Halitosis or bad breath can be embarrassing, especially if it cannot be resolved with mints and mouthwashes. It is common for people to wake up with an awful breath in the morning. But this is caused by bacteria breaking down food. This can be resolved by brushing, flossing, and rinsing the mouth with an antibacterial mouthwash.
However, there are a few cases where the bad breath persists even after maintaining proper oral hygiene.
There are several ways you can check if you have an awful breath. The sniff test is one of the common ways, lick your wrist and let the skin dry momentarily, then sniff. Another way is to use floss on the back of the mouth and smell the floss or gently scrape your tongue with a tongue scraper after brushing.
Also, watch out for other symptoms like dry mouth and dehydration, which contribute to bad breath. Some of the symptoms include thick, foamy saliva and a change of taste in your mouth. You can clean your mouth or rinse it with water to wash away debris. But, visit a dentist near you for assistance if the bad breath does not clear out.
Poor oral hygiene is the chief cause of mouth odor. If you fail to brush or rinse your mouth after eating, the food particles remain and promote bacterial growth between your teeth, gums, and tongue. The bacteria break down the food-producing sulfur, causing a bad odor. Smoking and tobacco products can stain the teeth and also affect your breath.
However, the halitosis can be triggered by several medical conditions, including:
Gum disease causes inflammation in the gum and surrounding tissues. Periodontal disease is usually caused by a bacterial infection or a combination of bacteria and food particles that remain between the teeth. If the bacterial infection is not treated, it can cause gingivitis, leading to periodontitis.
Gum disease causes inflamed tissues that serve as a source for producing volatile sulfur compounds. These compounds can cause bad breath that does not clear with regular brushing. To get rid of the source, you will need to get treatment for bad breath/halitosis in Phoenix, AZ.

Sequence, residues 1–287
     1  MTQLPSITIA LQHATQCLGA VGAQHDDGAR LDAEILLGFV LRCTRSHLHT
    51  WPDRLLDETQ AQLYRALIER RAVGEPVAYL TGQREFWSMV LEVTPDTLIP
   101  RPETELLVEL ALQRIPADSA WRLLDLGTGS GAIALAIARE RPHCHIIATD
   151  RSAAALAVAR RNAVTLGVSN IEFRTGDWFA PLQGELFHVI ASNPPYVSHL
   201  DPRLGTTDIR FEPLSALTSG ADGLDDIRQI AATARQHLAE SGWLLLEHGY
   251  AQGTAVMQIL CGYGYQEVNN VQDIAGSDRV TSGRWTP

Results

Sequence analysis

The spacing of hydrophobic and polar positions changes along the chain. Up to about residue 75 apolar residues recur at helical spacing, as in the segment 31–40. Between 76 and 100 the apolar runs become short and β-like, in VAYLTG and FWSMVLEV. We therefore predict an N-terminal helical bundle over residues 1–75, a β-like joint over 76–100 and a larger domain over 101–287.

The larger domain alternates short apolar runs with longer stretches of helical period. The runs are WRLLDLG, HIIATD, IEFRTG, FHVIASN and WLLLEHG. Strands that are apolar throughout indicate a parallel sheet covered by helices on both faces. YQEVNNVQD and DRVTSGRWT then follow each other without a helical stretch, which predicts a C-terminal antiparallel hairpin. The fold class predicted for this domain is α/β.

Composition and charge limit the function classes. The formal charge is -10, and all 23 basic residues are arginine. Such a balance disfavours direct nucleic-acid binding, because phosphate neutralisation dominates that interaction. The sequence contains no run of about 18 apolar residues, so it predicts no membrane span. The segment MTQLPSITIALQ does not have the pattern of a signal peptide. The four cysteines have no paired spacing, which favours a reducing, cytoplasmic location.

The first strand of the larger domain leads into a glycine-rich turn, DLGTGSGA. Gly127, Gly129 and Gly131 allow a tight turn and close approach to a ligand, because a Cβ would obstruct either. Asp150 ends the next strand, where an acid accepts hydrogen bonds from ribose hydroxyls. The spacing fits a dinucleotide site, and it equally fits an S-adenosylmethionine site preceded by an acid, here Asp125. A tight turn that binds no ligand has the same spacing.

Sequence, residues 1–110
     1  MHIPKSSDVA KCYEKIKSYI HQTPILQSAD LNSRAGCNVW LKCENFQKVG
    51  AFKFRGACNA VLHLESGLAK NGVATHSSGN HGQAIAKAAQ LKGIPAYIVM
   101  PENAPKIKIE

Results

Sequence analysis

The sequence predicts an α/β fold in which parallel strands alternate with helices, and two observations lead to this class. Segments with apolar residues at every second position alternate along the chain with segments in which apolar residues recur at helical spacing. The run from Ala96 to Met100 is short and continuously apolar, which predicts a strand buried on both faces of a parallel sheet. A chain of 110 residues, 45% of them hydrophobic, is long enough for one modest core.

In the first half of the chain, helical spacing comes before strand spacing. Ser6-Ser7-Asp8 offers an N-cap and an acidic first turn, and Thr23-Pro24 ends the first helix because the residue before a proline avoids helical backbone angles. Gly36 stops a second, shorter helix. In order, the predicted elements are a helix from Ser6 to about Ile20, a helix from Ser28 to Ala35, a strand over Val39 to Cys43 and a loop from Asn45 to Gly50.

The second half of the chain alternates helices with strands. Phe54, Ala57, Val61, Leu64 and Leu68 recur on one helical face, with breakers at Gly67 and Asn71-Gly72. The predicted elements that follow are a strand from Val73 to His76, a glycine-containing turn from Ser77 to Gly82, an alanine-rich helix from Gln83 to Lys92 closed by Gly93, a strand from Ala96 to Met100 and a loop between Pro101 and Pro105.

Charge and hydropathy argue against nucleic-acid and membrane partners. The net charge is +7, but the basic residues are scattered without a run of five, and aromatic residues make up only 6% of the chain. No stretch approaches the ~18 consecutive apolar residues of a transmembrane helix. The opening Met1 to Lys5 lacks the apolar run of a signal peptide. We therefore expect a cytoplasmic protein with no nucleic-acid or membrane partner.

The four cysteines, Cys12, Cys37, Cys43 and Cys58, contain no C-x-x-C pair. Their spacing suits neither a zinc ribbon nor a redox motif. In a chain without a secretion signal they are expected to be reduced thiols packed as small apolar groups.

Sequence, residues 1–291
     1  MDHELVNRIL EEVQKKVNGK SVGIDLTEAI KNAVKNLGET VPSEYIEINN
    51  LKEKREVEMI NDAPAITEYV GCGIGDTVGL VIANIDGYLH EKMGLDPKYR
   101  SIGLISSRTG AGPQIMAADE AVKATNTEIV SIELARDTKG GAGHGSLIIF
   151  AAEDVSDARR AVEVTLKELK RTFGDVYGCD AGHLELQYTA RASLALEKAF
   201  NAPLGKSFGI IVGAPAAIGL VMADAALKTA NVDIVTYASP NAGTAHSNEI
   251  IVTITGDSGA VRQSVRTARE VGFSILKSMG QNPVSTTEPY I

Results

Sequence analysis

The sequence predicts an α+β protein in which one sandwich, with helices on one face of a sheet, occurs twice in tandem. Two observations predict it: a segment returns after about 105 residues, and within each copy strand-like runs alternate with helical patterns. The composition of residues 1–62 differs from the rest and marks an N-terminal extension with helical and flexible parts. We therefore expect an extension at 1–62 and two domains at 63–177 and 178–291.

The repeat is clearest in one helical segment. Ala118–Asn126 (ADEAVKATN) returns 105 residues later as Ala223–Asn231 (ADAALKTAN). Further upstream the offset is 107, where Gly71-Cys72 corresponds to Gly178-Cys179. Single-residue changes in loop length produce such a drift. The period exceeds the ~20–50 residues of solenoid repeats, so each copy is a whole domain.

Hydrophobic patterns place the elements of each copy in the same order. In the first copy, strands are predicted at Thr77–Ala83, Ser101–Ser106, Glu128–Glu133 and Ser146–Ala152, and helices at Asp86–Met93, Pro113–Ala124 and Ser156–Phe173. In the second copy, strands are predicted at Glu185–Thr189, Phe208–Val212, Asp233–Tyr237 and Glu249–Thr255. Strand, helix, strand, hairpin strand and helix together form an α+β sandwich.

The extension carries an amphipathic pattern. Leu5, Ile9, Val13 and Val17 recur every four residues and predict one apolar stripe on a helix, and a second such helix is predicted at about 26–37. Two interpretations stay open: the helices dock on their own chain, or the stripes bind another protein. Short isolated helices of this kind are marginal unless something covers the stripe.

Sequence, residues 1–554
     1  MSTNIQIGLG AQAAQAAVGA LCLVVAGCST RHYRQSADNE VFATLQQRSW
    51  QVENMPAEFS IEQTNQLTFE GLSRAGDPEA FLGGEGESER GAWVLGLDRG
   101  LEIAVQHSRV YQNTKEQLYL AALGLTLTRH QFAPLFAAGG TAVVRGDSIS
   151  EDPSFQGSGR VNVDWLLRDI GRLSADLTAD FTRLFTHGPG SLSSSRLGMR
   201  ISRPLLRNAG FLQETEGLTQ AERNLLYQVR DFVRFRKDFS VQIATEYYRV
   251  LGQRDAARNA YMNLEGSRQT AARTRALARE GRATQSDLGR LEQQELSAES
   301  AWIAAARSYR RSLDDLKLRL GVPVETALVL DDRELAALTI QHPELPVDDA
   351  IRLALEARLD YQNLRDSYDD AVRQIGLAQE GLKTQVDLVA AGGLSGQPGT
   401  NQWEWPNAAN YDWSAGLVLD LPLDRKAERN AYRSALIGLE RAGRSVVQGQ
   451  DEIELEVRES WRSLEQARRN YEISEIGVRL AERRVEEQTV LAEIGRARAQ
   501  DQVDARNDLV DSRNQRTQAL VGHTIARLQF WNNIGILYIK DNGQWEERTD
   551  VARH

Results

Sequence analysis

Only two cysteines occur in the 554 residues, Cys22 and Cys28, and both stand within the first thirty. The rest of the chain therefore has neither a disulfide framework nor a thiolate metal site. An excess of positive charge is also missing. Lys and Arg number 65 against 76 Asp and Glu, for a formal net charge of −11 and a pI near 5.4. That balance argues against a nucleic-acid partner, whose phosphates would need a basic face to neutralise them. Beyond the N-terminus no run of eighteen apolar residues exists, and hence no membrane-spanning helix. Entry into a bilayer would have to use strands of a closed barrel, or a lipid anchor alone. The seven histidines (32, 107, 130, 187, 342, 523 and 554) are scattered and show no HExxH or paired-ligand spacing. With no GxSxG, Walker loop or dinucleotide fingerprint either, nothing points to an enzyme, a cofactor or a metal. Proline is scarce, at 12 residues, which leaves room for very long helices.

Diabetes is characterized by high blood sugar in the body and saliva. This creates an ideal environment for bacteria to multiply in the mouth and lead to the production of sulfur compounds. Furthermore, diabetes may lead to ketoacidosis, where the body converts fat instead of glucose, increasing ketone bodies. Ketones can cause bad breath.
Some the liver diseases like hepatitis and cirrhosis cause bad breath. These diseases affect the liver’s ability to metabolize and eliminate toxic substances. Therefore, they result in higher hydrogen sulfide and ammonia levels.
Gastroesophageal Reflux Disease (GERD) occurs when the stomach contents, the esophagus, and the upper part of the small intestine (the esophagus) slide up into the throat due to increased pressure the lower esophageal sphincter. This increases the acid content in the mouth, leading to a bad odor.
Breath mints and antiperspirants are common approaches to treat bad breath. You can use mouthwash to treat the smell of your breath. But, if the bad breath persists, it will require more than just using these methods. You need to treat the root cause of the problem. If the bad breath persists or is accompanied by other symptoms like dehydration, our dentist in Phoenix may take a swab sample from your tongue to determine if there is an underlying medical condition.
Part of the bad breath treatment includes treating the primary cause, like gum disease. The dentist will also work with your medical team to manage diabetes or liver disease.
Visit All Smiles Dental Care for more information about bad breath and how you can prevent it.